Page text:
Church of England Diocese of Bath & Wells Easton-in-Gordano

Third Sunday of Epiphany

24 Jan 2021, midnight
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John 2:1-11 Revelation 19:6-10

Third Sunday of Epiphany

I hope you all like a party; because that’s what features in today’s message! And although we haven’t been able to have our regular parties and celebrations for some time, we all have our memories of parties we’ve been to or organised. One of my memories is of a birthday party for my son. He was still at primary school and of an age when I thought his party should have some more activity in it. Hence the idea of a treasure hunt. I set out to prepare, to identify the clues, and to make the trail as interesting as possible for their age group. I really enjoyed that part! Thankfully, it was a success, the boys all found the clues – in case you wonder: they were in small groups, accompanied by older helpers in case they’d get lost – and reached the final stage with cake and lemonade and anything else that they liked. At the end of May, the weather was pretty good too, so we all had a good time.

In order for a party or any celebration to work, the ‘ingredients’ need to be well prepared and in their proper place. It takes some organisation! So I’m sure we can all empathise with the wedding couple in today’s reading from John’s Gospel when they are threatened with a shortage of wine. It is an interesting story: Jesus and his disciples are there, as is his mother. In those days in rural areas, the whole town would be invited to a wedding and it would have been quite a social disgrace to be the wedding couple ‘who ran out of wine at their wedding’; they wouldn’t be able to live it down! It’s understandable that Mary turns to her son to voice her concern over the matter. Jesus’ reply seems a bit odd, ‘What concern is that to you and to me? My hour has not yet come.’ Mary interprets it in the short term, and tells the servants to do whatever he tells them. But Jesus’ words ‘my hour has not yet come’, more probably refer to the future event of his dying on the cross which is the moment, the hour, when heaven and earth meet as his glory is revealed. Nevertheless, for the immediate relief of human need, Jesus does come to the rescue and performs his first miracle at this wedding, as John writes: ‘on the third day’.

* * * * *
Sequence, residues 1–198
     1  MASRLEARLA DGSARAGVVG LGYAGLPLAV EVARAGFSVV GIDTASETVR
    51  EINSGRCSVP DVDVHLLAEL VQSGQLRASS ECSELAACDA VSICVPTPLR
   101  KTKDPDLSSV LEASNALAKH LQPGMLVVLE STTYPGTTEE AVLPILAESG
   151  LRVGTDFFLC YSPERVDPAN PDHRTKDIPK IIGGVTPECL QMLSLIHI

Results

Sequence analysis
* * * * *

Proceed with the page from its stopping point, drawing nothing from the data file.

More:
John’s Gospel is written like a treasure hunt. The signs he mentions are the clues to Jesus’ mission and identity. The further we get into the story, the closer we get to the truth. But that’s not all. It’s not ‘just’ a treasure hunt for our entertainment; it’s rather about transformation. The Word become flesh is the creative Word, which changes the fallen human race into the children and people of God, like water into wine. As Jesus says in John chapter 10, he has come ‘that they (you, we) may have life, and have it abundantly.’ Talk about abundance:

The water that Jesus changes into wine is not just a few bottles: it’s a huge quantity: about thirty gallons of it! It’s such a generous amount that it’s probably too much! And of the best quality too, according to the steward who tastes it first.

It’s ironic, isn’t it? The wedding couple who were almost labelled with disgrace, are now to be called those who had a ‘stream of wine’. Talk about being blessed!

It’s a bit like our lives too, once we are touched by Jesus. The effect of Jesus on a person’s life is like this. It’s all transformed: from water to wine, from disgrace to blessing, from emptiness to fulfilment, from death to life. And it won’t even stop there, for we also have an invitation to the ultimate wedding banquet of the Lamb: Revelation 19 is our invitation. It’s got our names on it. We may have to wait for it still, but it’s a party that’s definitely going to happen. So let us rejoice in God’s abundant grace and accept his invitation to his party. Amen.